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HP Vertica presents three talks at ICDE, Chicago, March 31-April 4, 2014

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For the past three years, HP Vertica has presented innovative topics at prestigious database conferences such as the International Conference on Data Engineering (ICDE), the Very Large Databases (VLDB) conference, and the Extremely Large Database (XLDB) conference. This year, our engineering team proudly announces three talks at the upcoming ICDE held in Chicago, IL, USA, March 31-April 4, 2014.

  • On 3/31/2014, at SMDB, Ben Vandiver introduces Flex Zone, one of the new features of our recent release, HP Vertica Analytics Platform 7. Flex Zone enables the
    smooth data load and exploration flexibility of NoSQL solutions while maintaining a unified SQL interface over structured and semi-structured data.
  • On 4/1/2014, Ramakrishna Varadarajan presents Vertica’s customizable physical design tool, called the Database Designer, which produces designs optimized for various scenarios and applications. For a given workload and space budget, Database Designer automatically recommends a physical design that optimizes query performance, storage footprint, fault tolerance, and database recovery to meet different customer requirements.
  • On 4/2/2014, Jaimin Dave introduces HP Vertica SQL Query Optimizer. The Query Optimizer was written from the ground up for the HP Vertica Analytic Database. Jaimin will discuss its design and the tradeoffs encountered during its implementation. He’ll also argue that the full power of today’s database systems can be realized only with a carefully designed custom Query Optimizer, written specifically for the system in which it operates.

Click here to find details and schedule. Please do attend the talks and stop by and say hello to our presenters and their co-authors. We’ll be happy to tell you more about our designs and the trade-offs we encountered.

When UPDATE is actually INSERT

At the VLDB 2012 conference a few weeks ago, we had a chance to listen to Jiri Schindler giving a tutorial about NoSQL.  His interesting and informative presentation covered the fundamental architecture and I/O usage patterns of RDBMS systems and various NoSQL data management systems, such as HBase, Cassandra, and MongoDB.

During the presentation, Schindler listed basic I/O access patterns for columnar databases using the slide below. It is hard to summarize the operation of the various columnar database systems on a single slide, and Schindler did a great job given the constraints of the presentation. However, while his characterization might hold for other columnar databases, the Vertica Analytic Database  has a different I/O pattern for UPDATEs which we wanted to explain in more detail.

First, Vertica does not require synchronous I/O of a recovery log. Unlike most other RDBMS systems,  Vertica implements durability and fault tolerance via distributed replication.

Second, since Vertica never modifies storage in place, it avoids the other I/O intensive operations referenced in the slide.

When a user issues an UPDATE statement, Vertica performs the equivalent of a delete followed by an insert. The existing row is deleted by inserting a Delete Vector (a small record saying that the row was deleted), and a new copy of the row with the appropriately updated columns is inserted. Both the Delete Vector and the new version of the row are stored in a memory buffer known as the WOS (write optimized store). After sufficient data has accumulated in the WOS from INSERTs, UPDATEs, DELETEs, and COPYs (bulk loads), they are moved in bulk to disk storage known as the ROS.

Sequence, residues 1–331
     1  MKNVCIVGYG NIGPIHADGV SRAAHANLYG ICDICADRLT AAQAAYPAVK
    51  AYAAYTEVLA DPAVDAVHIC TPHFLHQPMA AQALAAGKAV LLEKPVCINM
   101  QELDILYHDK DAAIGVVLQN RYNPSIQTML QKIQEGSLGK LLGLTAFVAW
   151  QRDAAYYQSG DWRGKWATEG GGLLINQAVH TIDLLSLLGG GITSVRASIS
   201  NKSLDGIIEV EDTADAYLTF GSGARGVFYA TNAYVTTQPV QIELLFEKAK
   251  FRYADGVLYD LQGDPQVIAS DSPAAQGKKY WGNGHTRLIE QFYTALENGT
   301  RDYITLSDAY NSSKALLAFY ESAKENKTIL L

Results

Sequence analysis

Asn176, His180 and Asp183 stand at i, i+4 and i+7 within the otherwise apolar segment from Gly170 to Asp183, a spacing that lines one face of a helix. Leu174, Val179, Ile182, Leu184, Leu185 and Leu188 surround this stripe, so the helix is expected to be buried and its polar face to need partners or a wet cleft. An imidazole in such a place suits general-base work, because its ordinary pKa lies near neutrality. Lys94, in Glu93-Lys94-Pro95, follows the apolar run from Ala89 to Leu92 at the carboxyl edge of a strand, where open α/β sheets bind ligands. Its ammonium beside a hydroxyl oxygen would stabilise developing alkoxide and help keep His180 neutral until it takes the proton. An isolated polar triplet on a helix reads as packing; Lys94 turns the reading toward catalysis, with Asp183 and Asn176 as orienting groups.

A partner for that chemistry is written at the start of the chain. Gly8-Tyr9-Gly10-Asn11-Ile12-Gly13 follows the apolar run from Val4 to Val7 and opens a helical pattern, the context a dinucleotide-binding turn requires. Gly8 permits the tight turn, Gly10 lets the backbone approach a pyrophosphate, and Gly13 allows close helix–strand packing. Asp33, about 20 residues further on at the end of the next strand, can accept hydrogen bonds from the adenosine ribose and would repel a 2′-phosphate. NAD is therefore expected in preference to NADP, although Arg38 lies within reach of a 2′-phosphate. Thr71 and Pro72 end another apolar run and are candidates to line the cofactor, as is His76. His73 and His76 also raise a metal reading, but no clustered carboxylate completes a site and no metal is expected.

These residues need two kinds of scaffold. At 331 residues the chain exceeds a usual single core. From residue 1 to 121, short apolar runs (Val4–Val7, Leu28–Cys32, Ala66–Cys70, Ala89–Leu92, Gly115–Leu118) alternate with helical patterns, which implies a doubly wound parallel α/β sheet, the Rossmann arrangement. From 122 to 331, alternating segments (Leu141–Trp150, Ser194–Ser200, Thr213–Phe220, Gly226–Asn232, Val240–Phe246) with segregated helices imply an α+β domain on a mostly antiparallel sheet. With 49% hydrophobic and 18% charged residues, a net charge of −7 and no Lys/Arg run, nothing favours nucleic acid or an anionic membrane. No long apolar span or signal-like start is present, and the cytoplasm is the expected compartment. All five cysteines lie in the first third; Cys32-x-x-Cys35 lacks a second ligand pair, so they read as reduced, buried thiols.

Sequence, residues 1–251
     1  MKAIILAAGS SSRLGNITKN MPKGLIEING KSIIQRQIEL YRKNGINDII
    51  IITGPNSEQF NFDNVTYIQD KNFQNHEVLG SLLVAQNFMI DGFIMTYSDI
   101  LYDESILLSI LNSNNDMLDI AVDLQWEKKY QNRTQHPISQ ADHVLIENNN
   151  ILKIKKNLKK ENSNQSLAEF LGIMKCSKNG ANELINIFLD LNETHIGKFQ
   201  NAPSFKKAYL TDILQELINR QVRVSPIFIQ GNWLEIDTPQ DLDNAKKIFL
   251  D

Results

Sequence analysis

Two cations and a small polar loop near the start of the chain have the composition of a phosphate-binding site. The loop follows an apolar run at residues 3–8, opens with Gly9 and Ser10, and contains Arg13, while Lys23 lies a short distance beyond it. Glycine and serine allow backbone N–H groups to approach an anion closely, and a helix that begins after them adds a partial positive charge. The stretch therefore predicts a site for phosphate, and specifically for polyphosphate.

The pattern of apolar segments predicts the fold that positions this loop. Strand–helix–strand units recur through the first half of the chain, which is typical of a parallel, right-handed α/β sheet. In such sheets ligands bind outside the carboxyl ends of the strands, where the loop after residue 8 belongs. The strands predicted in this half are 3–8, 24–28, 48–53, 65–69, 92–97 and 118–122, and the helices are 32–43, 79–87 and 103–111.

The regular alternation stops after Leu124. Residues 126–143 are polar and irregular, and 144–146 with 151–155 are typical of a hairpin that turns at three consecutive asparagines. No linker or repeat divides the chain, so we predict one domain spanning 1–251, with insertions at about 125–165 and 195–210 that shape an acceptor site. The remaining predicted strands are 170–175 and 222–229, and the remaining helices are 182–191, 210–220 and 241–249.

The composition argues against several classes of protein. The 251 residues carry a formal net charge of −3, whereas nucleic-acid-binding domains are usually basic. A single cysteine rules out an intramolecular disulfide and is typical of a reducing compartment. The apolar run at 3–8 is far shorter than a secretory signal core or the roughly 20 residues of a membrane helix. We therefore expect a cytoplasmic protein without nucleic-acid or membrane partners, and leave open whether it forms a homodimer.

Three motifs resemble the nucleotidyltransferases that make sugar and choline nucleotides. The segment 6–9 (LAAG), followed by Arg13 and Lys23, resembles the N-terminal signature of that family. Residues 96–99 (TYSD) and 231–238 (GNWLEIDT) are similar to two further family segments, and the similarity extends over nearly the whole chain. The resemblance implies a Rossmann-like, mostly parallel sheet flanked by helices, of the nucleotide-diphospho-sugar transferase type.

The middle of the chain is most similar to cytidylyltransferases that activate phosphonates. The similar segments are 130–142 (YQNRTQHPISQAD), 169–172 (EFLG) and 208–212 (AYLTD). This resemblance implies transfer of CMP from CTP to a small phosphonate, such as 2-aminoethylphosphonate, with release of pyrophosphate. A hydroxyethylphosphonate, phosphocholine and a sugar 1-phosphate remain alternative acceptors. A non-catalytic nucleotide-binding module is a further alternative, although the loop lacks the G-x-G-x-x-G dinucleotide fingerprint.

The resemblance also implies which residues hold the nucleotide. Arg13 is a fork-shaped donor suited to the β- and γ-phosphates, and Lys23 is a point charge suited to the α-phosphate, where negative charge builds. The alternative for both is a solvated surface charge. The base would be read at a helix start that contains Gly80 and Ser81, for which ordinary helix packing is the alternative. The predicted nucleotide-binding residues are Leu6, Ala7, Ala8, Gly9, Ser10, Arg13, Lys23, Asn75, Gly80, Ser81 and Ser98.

It is important to note that existing files in the ROS are not modified while data is moved from WOS to the ROS – rather a new set of sorted and encoded column files is created. To avoid a large number of files accumulating over time, the Tuple Mover regularly merges column files together using an algorithm that limits the number of times any tuple is rewritten and also uses large contiguous disk operations, which is quite efficient well on most modern file and disk systems.

This arrangement has several advantages:

  1. From the user’s point of view, the update statement completes quickly and future queries get the expected answer (by filtering out the original values at runtime using the Delete Vectors).
  2. The cost of sorting, encoding, and writing column files to disk is amortized over a large number of rows by utilizing the in memory WOS.
  3. I/O is always in proportion to the number of rows inserted or modified – it is never the case that an update of a small number of rows causes I/O on a significant amount of previously stored data.

More details about how data is stored and Vertica’s overall architecture and design decisions, please consider reading our VLDB 2012 paper.

 

 

How to Load New Data and Modify Existing Data Simultaneously

Many Vertica customers tell us “we have an OLTP workload” which is not Vertica’s architectural sweet spot. However, when we dig into what they are actually doing, it often turns out that they are simply bulk loading mostly new data with some small number of updates to existing rows. In Vertica 6, we have added support for the MERGE statement to allow users to do just that.

Let’s look at the example shown in Figure 1. In this example, users and their numbers of appearances at a specific location (given by X, Y columns) are being merged from the table New_Location (a) into the existing table Location (b), and the merged results are shown in (c), with the updated and new data in pink. The user with UserID 1 comes to Burger King again, thus his total number of appearances must be updated to 2; while users 2 and 3 go to a new location, so their data must be inserted.

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